So I reacted with a fair amount of alarm and annoyance when a good friend of my wife’s sent me a link to a children’s book by an acupuncturist, Samara White, and Troy White, who illustrated the book. The book is entitled Maya and Friends Visit the Acupuncturist. It features Maya, who is described thusly:
Maya loves trying new things! She goes on adventures with her friends, exploring and learning about the world around her. There’s a lot to know about her own body as well, and Maya is starting to understand how to stay healthy, and what to do when she isn’t feeling well. She wants to be able to rest and get better, so she has energy to dance, play, and discover new things.
She’s accompanied by her friends Bobby Bear and Ellie Elephant to visit Dr. Meow, described as a “very wise acupuncturist,” who apparently alleviates her fear of getting turned into a pincushion with acupuncture needles:
Owner of Purrr-fect Acupuncture, Dr. Meow knows all about Chinese medicine. She loves explaining it to new patients and friends. Dr. Meow takes great care with each of her patients, and is always figuring out how to best use her wisdom and techniques to help everyone feel their best.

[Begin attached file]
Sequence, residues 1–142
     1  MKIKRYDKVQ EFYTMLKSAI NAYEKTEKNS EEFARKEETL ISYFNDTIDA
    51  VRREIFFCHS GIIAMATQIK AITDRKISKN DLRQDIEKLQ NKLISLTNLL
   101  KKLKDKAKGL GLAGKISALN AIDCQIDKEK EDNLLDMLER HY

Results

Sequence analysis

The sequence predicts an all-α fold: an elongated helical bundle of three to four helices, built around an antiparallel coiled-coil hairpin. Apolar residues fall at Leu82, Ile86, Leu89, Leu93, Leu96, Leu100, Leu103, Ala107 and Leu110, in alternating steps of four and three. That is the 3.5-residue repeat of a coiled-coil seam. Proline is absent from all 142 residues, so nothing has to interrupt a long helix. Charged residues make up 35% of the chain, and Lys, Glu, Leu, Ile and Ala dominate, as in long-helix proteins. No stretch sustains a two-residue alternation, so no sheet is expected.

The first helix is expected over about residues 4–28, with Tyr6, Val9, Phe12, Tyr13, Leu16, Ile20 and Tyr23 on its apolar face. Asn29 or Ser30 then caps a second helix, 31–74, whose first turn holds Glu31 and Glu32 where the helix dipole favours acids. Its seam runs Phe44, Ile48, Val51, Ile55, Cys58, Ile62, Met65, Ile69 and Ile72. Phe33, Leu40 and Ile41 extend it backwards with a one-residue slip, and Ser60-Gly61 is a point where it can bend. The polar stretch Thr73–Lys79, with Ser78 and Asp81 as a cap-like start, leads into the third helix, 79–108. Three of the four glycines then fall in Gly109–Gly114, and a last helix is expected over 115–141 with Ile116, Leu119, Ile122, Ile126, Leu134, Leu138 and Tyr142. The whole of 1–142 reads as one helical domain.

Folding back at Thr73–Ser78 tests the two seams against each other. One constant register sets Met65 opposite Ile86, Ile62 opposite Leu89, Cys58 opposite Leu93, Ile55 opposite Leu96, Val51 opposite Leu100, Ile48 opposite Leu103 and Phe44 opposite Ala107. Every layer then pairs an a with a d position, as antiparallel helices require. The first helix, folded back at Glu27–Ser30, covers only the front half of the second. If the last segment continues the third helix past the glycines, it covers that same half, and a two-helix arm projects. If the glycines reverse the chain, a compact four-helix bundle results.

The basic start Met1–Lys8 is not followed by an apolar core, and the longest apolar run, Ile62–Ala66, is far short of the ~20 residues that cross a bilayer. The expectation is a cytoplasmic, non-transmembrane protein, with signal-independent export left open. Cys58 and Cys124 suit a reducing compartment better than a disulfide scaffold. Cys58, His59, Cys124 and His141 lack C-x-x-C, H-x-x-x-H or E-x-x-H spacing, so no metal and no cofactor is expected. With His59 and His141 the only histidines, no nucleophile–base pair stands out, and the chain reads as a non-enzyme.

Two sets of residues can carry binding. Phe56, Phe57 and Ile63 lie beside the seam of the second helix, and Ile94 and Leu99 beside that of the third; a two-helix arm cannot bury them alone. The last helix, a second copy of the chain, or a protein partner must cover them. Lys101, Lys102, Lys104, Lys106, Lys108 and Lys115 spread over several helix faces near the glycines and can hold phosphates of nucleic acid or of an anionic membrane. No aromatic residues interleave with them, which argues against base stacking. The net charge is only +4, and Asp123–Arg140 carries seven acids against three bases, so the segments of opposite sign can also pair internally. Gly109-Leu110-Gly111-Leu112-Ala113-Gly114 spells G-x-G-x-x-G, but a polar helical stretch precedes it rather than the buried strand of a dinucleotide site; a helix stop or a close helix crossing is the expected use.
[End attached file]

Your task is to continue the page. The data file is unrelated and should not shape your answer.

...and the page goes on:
If there’s one thing that irritates me more than pseudoscience and quackery itself, it’s books like Maya and Friends Visit the Acupuncturist that are clearly designed to indoctrinate children into a pseudoscientific world view, such as the prescientific world view of TCM. As I like to say, why is “ancient Eastern medicine” so favored? Today, we laugh at “ancient Western medicine,” with its four humors, “imbalances” of which were once thought to be the cause of all disease. Yet what is TCM based on? Five elements, with imbalances between things like heat, cold, damp, and dry (among other things) posited as the cause of all disease. That’s considered believable, while humoral theory is a joke, a historical oddity that was believed for many centuries, right up until as recently as a couple of hundred years ago. In any case, White offers not just acupuncture in her clinic, but craniosacral therapy, which is one of the silliest forms of pseudoscientific medicine in existence based on nonexistent physiology and someone seeing a similarity between cranial sutures and fish gills. (Seriously, the longer I discuss such treatments, the less surprises me.) More disturbingly, White also offers craniosacral therapy to infants, which is useless.